G20 Delivers Reprieve for Coal-Fired Power

The Glasgow conference has not started well. Trains were delayed by a storm and a fallen tree. Access to the venue was a shambles, with the accreditation process holding up delegates – including those who had gone through the process the day before. With the temperature struggling to just double figures, the delegates might have wished for some modest global warming.

But I am sure they will do better when reorganising the world economy.

The bad news started before COP26 even kicked off, however, with the ambitions of the UK, EU and US rebuffed at the G20 meeting held immediately prior, in Rome. There China, Russia, Brazil, and Australia, among others blocked the ambit claims. Johnson reported that only 12 of the 20 governments supported his ambitions, and the communique (the Rome Declaration) contained weaker language about only reaching Net Zero ‘by or around mid-century’ – ironically, almost back to the original Paris aim of the second half of the century (as I discussed in a Bulletin last week, available here).

Also watered down – significantly for Australia – was the attempt to secure an end to construction of coal-fired power stations by 2030. Friday’s draft read: ‘We will do our utmost to avoid building new unabated coal power generation capacity, taking national circumstances into account.’ By Saturday, that became: ‘We will do our utmost, taking national circumstances into account, to refrain from building new unabated coal power generation capacity in the 2030s.’

Then, the version adopted on Sunday was:

We will cooperate on deployment and dissemination of zero or low carbon emission and renewable technologies… to enable a transition towards low-emission power systems. This will also enable those countries that commit to phasing out investment in new unabated coal power generation capacity to do so as soon as possible.

According to the Oxford Dictionary  ‘unabated’ in common usage means ‘without any reduction in intensity or strength’. Its use in this mangled context leaves some creative ambiguity for those who think it requires the use of carbon capture and storage, and also those who think reduced emissions intensity(less carbon per unit of energy) will suffice..

After Rome, things took a further turn for the worse for Boris, with Turkish President Recep Tayyip Erdogan deciding he would not attend Glasgow. Rather strangely, Turkey had an item on the Agenda seeking to withdraw from the Annex I (developed) countries, but on the opening day of COP26 Turkey withdrew the agenda item, noting it had recently ratified the Paris Agreement, characterising it as an indication of the country’s will to work constructively.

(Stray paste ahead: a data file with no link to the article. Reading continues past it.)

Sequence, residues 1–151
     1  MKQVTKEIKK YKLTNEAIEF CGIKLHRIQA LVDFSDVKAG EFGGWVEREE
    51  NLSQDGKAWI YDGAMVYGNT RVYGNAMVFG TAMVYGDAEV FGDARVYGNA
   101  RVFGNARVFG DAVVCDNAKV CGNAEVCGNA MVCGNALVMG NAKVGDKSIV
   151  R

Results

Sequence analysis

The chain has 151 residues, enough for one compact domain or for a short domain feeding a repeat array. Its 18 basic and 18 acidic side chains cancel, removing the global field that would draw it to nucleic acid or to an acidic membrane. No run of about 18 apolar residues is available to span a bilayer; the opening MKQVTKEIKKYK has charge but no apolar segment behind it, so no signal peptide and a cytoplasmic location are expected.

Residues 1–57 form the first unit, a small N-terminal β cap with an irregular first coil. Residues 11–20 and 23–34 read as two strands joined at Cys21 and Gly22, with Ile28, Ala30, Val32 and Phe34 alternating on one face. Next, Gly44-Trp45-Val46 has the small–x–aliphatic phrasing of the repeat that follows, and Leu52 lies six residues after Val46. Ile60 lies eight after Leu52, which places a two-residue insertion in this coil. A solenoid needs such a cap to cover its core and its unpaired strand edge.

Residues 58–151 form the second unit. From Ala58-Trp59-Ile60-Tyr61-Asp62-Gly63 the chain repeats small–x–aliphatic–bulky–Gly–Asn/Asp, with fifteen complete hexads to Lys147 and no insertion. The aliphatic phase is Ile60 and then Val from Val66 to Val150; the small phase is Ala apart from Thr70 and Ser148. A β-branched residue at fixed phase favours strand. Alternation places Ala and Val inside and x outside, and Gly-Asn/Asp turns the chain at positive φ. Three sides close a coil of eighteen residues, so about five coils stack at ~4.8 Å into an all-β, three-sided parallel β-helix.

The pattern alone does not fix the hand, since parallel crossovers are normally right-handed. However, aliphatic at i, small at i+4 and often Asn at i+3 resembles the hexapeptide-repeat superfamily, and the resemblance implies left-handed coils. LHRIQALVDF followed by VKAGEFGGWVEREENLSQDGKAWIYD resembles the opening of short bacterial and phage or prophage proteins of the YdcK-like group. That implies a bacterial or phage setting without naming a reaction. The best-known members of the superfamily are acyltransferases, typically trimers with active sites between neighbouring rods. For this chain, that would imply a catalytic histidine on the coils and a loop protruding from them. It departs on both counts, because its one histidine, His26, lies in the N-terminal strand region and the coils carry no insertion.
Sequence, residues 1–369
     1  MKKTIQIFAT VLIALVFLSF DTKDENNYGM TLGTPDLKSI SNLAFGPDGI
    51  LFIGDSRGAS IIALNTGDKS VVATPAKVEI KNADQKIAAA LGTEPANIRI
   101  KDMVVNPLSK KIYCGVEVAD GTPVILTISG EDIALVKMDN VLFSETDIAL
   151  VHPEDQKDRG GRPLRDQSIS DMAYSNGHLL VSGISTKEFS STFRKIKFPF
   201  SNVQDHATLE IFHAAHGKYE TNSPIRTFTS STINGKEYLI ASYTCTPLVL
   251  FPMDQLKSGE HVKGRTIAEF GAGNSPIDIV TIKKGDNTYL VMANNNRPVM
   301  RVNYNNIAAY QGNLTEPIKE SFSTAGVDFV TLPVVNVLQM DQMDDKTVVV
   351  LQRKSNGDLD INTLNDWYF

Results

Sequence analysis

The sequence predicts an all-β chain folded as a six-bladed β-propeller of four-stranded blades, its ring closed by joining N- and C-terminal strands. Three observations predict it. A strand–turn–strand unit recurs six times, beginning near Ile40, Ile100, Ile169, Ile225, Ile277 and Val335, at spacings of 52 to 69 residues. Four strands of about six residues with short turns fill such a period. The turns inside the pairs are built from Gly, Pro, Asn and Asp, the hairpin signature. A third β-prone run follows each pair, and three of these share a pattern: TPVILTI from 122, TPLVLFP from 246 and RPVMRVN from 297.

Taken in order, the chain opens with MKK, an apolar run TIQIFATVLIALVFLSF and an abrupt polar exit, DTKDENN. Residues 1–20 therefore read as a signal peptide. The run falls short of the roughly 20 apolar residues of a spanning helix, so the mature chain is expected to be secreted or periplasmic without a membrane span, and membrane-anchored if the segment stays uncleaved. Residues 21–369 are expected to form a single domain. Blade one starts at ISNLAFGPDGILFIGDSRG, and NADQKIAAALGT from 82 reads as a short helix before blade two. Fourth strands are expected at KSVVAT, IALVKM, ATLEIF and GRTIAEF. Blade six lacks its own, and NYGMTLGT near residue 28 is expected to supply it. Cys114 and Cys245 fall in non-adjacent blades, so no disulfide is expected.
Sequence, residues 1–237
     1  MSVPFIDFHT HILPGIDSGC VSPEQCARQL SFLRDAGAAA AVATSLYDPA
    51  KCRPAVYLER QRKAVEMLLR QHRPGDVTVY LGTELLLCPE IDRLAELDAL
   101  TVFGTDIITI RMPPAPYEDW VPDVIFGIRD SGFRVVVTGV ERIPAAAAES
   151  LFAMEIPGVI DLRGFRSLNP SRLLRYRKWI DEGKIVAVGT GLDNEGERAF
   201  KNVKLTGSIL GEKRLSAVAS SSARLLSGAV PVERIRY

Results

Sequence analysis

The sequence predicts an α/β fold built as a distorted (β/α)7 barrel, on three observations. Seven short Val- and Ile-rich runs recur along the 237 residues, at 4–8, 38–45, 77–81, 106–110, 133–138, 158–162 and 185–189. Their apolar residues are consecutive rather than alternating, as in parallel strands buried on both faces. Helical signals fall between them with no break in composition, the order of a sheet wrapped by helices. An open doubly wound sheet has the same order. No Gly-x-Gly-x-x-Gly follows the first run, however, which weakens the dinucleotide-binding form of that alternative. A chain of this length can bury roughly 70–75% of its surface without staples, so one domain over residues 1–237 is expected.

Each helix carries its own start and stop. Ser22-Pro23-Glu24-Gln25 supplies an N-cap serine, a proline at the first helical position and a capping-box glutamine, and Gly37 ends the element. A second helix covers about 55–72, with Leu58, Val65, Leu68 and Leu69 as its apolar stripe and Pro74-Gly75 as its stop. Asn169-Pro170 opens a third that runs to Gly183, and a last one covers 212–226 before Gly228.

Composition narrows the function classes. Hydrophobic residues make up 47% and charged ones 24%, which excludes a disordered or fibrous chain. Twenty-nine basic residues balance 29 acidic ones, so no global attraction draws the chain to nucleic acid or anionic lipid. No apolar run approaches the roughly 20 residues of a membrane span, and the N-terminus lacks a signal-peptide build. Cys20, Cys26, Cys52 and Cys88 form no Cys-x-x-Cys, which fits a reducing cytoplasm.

The stance of the Chinese delegation was signalled by their reaction to the  closing press conference in Rome, which  was carefully stage managed, Chinese state affiliated media tweeted:

The format of G20 closing press conference by Italian PM Mario Draghi is a disappointment because the lady has a name list in hand, reporters were picked beforehand. No others were allowed to raise hands, no reporter from Asia on the name list. We waited 3 hrs before it started.

Subsequently, it has been announced that China’s president Xi Jinping will not even give the ‘virtual’ speech that had been planned, but instead only submit a written statement.

The opening session on Sunday seemed more like a revival meeting than the start of an important negotiating conference, with everyone from Boris to Prince Charles seeking to rally the faithful. There was even a speech from ‘COP 26 People’s Advocate’ Sir David Attenborough, who claimed that the stability of the climate system that enabled the development of human civilisation was breaking, and urged world leaders to turn this tragedy into a triumph by reducing global atmospheric concentrations of carbon dioxide. (He seemed blissfully ignorant of the fact that all known civilisations emerged in the instability of the substantial warming as the earth came out of the last interglacial period, allowing a flourishing of agriculture, relative population booms, and settled cities).

The opening statements from negotiating groups and leaders has seen few surprises. India has promised Net Zero for 2070, and expansion in renewables and so on, and the developing countries, either individually or in various groups have sought more money, and expressed their displeasure at the failure to deliver on the US$100 Billion per annum pledge.

They have also signalled clearly that they will continue to press for the historical emissions of developed countries be factored in. The developing countries want their chance to develop, and believe those countries already at that stage have used up more than their fair share of the global carbon dioxide ‘budget’.

With the UK and the EU still gaining so much advantage by using 1990 as the base year for their commitments, their claim to the moral high ground is tenuous. There is an old Scots joke about a traveller asking a local for directions to Glasgow. ‘If I were going to Glasgow,’ he answered, ‘I would nae start from here.’ If Boris wanted to get to get to Net Zero by 2050 and 1.5°C, he probably would not have wished to start from here.